14 www.EliteEquestrianMagazine.com Published since 2008 Riding a horse is not a gentle hobby, to be picked up and laid down like a game of solitaire. It is a grand passion. Ralph Waldo Emerson www.EliteEquestrianMagazine.com info@EliteEquestrian.us • Main Office, Ocala, Florida PUBLISHER Bill Vander Brink Bill@EliteEquestrian.us EDITORIAL STAFF Editor-in-Chief: Noelle Vander Brink Art & Antiques Editor: Dr. Lori Verderame Equine Art Editor: Jeanne Chisholm Fashion Editor: LA Sokolowski Legal Editor: Avery S. Chapman,Esquire CONTRIBUTING WRITERS Stephany Fish Crossman Alessandra Deerinck Kat Fuqua Ali Kelman Lynn Palm Tom Scheve On the cover... Copyright © 2024 Elite Equestrian is a registered trademark owned by Elite Equestrian LLC. No article, photo, or part of this publication may be reproduced wholly or in part without written permission of the publisher. Management reserves the right to approve or refuse any advertiser or contribution for any reason. EE does not endorse any product or advertiser and is not responsible for accuracy of info/opinions provided by advertisers or article content. Photographs are submitted by writers of each article who assume responsibility for usage approval. ADVERTISING Advertising Sales Kathy Dress 610-420-9964 kdress@ptd.net Advertising Free Lancer: Diane Holt 713-408-8114 diane@eliteequestrian.us CONTRIBUTING PHOTOGRAPHERS GRAPHICS Fran Sherman EQUESTRIAN LIFESTYLE MAGAZINE IN THE U.S.A. According To Feedspot blog #5 IN THE WORLD #1 Staff of Dr. Lori Jessie Jones Pete Coco Morgan Campbell Isabel Juby, Chief Executive Officer and Founder of African Horse Safaris www.EliteEquestrianMagazine.com Volume 24 Issue 3 Complimentary HORSE FOAL Care TRAILERS Custom or Stock? ���������� ����� Celebra�ng The Equestrian Lifestyle ® ������� ������ Laser Therapy ���������� ����� Celebra�ng The Equestrian Lifestyle ®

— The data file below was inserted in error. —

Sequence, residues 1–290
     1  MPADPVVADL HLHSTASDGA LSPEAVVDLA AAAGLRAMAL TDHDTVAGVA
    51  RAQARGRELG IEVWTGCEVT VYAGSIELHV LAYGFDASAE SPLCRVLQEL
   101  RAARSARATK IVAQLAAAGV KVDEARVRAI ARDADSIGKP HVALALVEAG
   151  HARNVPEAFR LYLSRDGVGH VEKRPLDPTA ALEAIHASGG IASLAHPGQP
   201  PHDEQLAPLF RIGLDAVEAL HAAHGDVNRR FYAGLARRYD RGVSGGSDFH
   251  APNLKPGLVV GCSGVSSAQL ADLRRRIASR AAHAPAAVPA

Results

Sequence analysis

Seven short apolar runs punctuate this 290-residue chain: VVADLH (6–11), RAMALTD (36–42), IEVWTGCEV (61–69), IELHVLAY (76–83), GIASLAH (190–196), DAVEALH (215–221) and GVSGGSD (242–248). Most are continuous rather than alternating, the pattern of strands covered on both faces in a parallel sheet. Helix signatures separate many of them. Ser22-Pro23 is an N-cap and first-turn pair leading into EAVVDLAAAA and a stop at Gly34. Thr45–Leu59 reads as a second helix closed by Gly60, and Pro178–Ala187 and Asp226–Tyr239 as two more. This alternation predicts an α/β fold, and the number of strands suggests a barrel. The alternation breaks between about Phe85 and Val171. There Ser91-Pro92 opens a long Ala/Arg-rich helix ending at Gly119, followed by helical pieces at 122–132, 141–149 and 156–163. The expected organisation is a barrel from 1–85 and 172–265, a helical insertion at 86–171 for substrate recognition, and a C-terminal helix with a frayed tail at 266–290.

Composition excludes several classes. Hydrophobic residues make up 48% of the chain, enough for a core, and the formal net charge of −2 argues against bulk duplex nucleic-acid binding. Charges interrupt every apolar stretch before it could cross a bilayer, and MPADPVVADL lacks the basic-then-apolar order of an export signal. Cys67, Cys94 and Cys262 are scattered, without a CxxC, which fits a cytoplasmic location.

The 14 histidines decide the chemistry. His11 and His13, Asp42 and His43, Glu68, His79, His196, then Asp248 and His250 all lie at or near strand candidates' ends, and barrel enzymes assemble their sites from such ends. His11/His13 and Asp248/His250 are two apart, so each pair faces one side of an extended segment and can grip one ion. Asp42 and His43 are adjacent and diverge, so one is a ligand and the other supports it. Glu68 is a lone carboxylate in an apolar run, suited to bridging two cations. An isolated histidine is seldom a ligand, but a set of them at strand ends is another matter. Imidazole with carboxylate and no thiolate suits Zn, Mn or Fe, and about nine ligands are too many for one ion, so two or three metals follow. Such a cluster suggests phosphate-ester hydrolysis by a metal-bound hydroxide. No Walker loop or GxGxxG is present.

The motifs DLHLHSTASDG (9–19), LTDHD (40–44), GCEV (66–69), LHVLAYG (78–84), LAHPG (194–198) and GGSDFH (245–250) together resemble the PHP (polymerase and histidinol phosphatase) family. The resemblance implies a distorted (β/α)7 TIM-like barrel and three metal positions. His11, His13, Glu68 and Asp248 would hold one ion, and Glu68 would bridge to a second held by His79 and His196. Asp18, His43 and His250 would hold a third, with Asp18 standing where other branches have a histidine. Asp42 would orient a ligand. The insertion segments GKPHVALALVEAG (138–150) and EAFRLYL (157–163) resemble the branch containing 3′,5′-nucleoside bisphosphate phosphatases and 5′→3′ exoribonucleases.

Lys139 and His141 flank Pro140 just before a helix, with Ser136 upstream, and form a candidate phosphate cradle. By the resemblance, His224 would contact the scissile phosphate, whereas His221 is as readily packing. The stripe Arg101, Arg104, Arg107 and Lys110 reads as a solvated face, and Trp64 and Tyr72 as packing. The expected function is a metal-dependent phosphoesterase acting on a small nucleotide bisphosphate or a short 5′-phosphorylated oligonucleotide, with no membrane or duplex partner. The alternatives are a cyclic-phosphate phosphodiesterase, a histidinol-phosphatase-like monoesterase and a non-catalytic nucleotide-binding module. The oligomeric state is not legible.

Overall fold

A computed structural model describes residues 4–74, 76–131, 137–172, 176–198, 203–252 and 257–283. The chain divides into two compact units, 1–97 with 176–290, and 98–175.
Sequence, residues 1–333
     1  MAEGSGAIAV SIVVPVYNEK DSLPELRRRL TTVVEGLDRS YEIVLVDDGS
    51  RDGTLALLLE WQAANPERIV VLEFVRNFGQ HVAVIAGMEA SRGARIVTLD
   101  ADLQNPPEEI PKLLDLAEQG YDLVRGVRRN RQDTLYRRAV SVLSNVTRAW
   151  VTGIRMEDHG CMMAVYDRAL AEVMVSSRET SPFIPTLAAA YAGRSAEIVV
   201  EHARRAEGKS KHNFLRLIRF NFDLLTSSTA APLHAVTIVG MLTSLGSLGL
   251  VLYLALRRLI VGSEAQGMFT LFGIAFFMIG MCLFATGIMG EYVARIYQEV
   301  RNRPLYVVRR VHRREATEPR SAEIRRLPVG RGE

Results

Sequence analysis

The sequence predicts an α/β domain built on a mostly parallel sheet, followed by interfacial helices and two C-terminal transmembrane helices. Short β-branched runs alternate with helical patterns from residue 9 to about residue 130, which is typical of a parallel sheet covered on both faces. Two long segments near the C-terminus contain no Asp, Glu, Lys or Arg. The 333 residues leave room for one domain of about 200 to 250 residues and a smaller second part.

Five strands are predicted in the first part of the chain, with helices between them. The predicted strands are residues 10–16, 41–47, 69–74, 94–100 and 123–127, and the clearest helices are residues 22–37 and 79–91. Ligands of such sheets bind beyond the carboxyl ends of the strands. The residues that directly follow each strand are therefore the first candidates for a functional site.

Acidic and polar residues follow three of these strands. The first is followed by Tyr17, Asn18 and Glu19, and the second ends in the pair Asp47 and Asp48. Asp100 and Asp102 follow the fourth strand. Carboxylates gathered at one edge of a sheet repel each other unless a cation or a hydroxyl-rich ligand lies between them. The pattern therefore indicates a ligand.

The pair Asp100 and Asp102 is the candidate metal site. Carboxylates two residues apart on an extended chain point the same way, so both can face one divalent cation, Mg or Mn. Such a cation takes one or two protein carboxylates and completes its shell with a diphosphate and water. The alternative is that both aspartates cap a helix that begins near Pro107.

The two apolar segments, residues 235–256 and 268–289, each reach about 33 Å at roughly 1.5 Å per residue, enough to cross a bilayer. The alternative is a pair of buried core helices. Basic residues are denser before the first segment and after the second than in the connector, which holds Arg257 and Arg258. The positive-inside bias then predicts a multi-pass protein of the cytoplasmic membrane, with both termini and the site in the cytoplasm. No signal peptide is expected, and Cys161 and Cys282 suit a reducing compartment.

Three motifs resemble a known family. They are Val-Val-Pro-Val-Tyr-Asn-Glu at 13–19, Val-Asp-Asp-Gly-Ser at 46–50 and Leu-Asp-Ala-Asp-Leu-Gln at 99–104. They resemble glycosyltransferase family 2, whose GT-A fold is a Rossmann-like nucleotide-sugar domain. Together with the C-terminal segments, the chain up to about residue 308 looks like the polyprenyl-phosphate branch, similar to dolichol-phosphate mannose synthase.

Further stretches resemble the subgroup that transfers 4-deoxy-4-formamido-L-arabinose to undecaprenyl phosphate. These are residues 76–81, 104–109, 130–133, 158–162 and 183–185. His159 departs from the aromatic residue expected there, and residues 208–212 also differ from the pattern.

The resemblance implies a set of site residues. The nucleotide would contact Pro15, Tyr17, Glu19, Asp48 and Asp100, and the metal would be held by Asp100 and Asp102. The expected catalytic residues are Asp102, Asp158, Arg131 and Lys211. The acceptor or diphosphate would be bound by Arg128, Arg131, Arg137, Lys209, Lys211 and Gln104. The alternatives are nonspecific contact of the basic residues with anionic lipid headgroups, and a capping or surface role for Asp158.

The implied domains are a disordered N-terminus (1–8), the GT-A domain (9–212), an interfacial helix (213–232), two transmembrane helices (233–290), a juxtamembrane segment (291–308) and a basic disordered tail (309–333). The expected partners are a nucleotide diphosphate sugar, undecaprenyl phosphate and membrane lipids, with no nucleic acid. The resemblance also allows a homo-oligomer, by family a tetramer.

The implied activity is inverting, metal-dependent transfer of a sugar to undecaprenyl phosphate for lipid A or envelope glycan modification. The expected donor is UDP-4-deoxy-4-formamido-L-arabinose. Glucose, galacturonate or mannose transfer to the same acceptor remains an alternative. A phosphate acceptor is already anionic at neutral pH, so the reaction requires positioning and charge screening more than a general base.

$1,995,000 I 12.19 Acres • $2,195,000 I 17.19 Acres


Reading for Riders


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Great equestrian novels and books for all ages!

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SOURCE micronutrients providing a unique spectrum of support vitamins and minerals plus, diges�ve enzymes, beneficial microbes, an�-oxidants and essen�al fa�y acids.